Objectives: There are limited data on the yield of colonoscopy in patients with irritable bowel syndrome (IBS). This study compared the prevalence of structural colonic lesions in patients with suspected non-constipation-predominant IBS and healthy volunteers. We also determined the yield of rectosigmoid biopsies in patients with suspected IBS.
Methods: This was a prospective, case-control study conducted at three US sites. Patients with suspected non-constipation-predominant IBS (Rome II) underwent colonoscopy with rectosigmoid biopsies. Healthy persons undergoing colonoscopy for colorectal cancer screening or polyp surveillance comprised the control group. Abnormalities identified at colonoscopy were compared between suspected IBS and control groups.
Results: In all, 466 suspected IBS patients and 451 controls were enrolled. Suspected IBS patients were significantly younger (P<0.0001) and more frequently female (P<0.0001) than controls. The most common lesions in suspected IBS patients were hemorrhoids (18.2%), polyps (14.6%), and diverticulosis (8.8%). Suspected IBS patients had a lower prevalence of adenomas (7.7% vs. 26.1%, P<0.0001) and diverticulosis (8.8% vs. 21.3%, P<0.0001) and higher prevalence of mucosal erythema or ulceration (4.9% vs. 1.8%, P<0.01) compared with controls. Logistic regression found the between-group differences in adenoma prevalence to be robust after correction for demographic factors. The overall prevalence of microscopic colitis in suspected IBS patients was 1.5% (7/466) and 2.3% (4/171) in those > or =45 years of age.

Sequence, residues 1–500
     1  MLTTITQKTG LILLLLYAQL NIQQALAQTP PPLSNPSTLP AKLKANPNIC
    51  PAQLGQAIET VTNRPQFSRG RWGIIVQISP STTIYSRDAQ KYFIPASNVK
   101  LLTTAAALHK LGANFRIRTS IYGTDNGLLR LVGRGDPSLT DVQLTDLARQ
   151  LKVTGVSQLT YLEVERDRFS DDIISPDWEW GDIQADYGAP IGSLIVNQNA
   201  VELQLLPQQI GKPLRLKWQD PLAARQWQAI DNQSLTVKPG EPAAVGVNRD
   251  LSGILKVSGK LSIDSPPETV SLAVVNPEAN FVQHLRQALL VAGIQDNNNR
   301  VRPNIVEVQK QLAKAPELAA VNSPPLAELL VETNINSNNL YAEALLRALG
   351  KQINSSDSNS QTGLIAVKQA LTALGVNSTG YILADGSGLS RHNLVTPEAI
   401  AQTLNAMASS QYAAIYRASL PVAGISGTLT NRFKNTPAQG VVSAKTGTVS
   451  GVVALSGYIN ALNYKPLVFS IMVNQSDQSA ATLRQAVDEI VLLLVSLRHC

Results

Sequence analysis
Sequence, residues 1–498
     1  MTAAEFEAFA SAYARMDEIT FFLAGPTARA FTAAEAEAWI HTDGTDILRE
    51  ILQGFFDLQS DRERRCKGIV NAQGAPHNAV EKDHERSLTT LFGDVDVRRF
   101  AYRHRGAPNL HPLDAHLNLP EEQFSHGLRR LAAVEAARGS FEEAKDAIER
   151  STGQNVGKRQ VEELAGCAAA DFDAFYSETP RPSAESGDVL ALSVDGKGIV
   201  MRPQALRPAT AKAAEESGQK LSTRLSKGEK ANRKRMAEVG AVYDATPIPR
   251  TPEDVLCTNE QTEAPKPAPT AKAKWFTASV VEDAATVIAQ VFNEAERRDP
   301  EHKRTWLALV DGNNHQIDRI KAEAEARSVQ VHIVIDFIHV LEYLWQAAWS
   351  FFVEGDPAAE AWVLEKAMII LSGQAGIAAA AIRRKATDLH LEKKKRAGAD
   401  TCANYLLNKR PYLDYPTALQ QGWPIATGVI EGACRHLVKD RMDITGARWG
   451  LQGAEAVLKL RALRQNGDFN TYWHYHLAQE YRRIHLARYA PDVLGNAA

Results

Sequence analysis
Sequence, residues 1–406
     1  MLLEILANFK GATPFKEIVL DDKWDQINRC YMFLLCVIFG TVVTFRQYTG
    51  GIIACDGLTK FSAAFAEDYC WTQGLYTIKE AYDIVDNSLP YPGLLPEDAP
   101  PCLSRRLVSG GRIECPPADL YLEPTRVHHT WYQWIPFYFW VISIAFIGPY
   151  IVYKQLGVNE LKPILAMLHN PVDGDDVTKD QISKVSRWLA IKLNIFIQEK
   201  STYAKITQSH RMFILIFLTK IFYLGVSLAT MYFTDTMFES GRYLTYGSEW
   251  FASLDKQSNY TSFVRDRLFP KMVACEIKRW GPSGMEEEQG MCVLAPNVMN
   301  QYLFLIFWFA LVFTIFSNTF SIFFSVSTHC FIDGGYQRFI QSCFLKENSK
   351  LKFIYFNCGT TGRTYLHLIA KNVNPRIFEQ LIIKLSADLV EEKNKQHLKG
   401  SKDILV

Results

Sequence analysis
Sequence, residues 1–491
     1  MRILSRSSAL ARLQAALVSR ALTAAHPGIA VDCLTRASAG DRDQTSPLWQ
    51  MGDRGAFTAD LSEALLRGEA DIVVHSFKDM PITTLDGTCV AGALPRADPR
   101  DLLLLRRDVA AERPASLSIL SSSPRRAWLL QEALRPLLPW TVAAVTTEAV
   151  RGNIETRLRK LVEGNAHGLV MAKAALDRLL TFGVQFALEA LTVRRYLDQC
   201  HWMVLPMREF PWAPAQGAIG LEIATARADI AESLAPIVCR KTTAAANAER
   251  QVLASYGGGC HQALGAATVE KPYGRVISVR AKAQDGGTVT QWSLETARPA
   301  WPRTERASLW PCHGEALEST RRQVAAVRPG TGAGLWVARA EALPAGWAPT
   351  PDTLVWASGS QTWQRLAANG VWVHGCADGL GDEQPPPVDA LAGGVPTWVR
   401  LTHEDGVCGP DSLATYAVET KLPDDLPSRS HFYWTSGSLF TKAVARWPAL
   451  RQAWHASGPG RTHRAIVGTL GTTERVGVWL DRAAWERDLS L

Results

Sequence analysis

Conclusions: The prevalence of structural abnormalities of the colon is no higher in suspected non-constipation IBS patients than in healthy controls. Microscopic colitis can be identified in a small proportion of persons with IBS symptoms.